TikTok Collected MAC Addresses Via Android Vulnerability

The ongoing controversy surrounding TikTok escalated on Thursday, January 14, when the service was accused of spying on millions of Android users using techniques banned by Google.

According to the Wall Street Journal, with a technique disguised using an unusual additional layer of encryption, TikTok bypassed Android's security mechanisms and collected unique identifiers from millions of devices, allowing the service to track users online without giving them any choice. According to the publication, for 15 months TikTok exploited a "loophole" in the mobile OS to collect MAC addresses and stopped this practice in November 2020.

When installing and first opening the app on a device, TikTok sent the MAC address along with other device data to its parent company, ByteDance.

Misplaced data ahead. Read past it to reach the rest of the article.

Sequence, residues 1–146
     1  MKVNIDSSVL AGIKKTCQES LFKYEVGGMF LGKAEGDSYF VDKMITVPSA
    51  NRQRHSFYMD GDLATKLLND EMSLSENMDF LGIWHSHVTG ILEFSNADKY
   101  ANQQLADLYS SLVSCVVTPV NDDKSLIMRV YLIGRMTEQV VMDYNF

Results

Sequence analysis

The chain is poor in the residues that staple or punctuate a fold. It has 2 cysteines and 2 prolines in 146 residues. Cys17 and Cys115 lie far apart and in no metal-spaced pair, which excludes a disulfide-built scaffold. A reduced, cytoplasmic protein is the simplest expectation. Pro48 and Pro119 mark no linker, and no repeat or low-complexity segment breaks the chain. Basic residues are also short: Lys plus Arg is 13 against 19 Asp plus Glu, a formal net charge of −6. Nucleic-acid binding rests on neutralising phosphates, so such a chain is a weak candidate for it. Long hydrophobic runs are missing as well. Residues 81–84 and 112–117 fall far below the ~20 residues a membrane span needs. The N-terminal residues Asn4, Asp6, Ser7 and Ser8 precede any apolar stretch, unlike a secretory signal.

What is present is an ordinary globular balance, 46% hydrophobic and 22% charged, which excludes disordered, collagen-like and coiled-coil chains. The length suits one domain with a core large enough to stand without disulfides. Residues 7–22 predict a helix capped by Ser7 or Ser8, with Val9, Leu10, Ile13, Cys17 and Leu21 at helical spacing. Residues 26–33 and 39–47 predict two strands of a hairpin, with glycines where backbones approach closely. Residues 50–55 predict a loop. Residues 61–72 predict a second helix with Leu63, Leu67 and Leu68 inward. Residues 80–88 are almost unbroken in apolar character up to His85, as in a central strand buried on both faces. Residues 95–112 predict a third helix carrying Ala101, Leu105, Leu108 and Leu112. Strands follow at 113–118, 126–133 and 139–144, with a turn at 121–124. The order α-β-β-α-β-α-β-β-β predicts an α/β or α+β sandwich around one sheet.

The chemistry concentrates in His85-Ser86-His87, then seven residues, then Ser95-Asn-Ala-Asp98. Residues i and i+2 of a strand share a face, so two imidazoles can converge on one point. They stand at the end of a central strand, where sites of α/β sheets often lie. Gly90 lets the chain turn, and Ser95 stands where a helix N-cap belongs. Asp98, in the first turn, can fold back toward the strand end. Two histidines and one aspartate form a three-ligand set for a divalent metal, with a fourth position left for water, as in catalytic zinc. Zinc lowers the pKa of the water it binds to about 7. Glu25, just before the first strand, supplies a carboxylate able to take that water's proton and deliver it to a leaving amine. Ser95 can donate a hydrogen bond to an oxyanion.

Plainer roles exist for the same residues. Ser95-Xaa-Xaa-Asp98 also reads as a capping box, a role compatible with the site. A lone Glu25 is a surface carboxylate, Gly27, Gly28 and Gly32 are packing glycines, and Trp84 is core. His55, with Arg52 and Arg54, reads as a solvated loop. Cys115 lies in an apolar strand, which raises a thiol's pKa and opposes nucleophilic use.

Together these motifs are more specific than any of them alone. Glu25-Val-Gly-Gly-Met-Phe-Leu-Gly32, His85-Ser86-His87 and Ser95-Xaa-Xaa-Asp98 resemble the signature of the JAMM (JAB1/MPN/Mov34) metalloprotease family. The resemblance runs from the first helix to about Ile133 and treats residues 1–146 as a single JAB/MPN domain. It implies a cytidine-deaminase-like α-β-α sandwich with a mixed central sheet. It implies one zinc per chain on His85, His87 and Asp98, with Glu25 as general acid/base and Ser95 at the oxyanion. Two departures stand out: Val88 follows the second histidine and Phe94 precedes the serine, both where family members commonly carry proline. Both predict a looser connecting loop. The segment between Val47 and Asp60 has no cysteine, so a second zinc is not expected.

Under the US Children's Online Privacy Protection Act (COPPA), MAC addresses are personally identifiable information. They are unique identifiers found in all smartphones connected to the Internet, including Android and iOS devices. MAC addresses can be used both for targeted advertising and for tracking users and compiling their profile.

As representatives of the service told the Wall Street Journal, "the current version of TikTok does not collect MAC addresses."

Apple iOS blocks third-party services from reading MAC addresses as part of a security feature added in 2013, but Android still has it. The vulnerability was discovered by a security researcher named Reardon, who notified Google about it in June 2020. According to the researcher, he was very surprised that the vulnerability is still present in the latest versions of Android. In response to Reardon's notification, Google said it already has a report on the vulnerability.

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